Rosenberg City Council on Tuesday will officially canvass the results of the Nov. 3 election, welcoming new council members to its ranks.

Council members will meet virtually at 6:30 p.m. at Rosenberg City Hall, 2110 Fourth St.

As presiding officer of the election, Mayor Bill Benton is required to hold a canvass of the ballots, and he and the council must declare the election results.

The city will officially welcome newcomer Marc Morales to council, as well as former city council member Susan Euton and incumbents Tim Anders and Isaac Davila.

The newly elected members will take office on Tuesday.

In other business, council members will canvass the results of last week’s special election, where seven propositions and two resolutions were voted in favor of by the citizens.

Changes to the charter include eliminating staggered terms. Council is now allowed to hold elections on even-numbered years.

Additionally, terms have been limited. No elected official can serve for more than a total of five consecutive terms.

Council members will also start making more money. Once the results are canvassed, councilors will make $400 per month, and the mayor will earn $500 per month.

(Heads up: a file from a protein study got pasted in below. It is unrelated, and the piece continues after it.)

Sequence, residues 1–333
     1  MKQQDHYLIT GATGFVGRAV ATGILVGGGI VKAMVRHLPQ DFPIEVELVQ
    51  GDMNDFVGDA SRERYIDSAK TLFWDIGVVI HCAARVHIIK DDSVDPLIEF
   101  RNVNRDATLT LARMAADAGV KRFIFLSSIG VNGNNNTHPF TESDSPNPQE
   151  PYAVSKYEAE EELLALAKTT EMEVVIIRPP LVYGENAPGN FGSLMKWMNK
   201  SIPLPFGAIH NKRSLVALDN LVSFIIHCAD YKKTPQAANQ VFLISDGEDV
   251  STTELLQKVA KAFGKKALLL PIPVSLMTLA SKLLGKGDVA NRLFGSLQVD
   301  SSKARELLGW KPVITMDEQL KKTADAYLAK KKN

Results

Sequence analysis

The chief of police has earned personal oversight over the police department. Police Chief Jonathan White, and all others who serve in his place after him, now have the power to appoint, discharge and remove department personnel. This power used to rest in council’s hands.

Council members can now take their oaths of office immediately following the canvassing of an election.

Constituents also voted in favor of a borrowing cap, meaning that council cannot issue certificates of obligation unless authorized by an ordinance with unanimous approval.

Finally, the splash pad and nature center are back on the table.

Citizens voted in favor of construction and maintenance of a splash pad, amounting to $575,000.

Rosenberg residents also approved construction and maintenance of a nature center with construction costs not to exceed $3 million. This includes a $385,000 design study.

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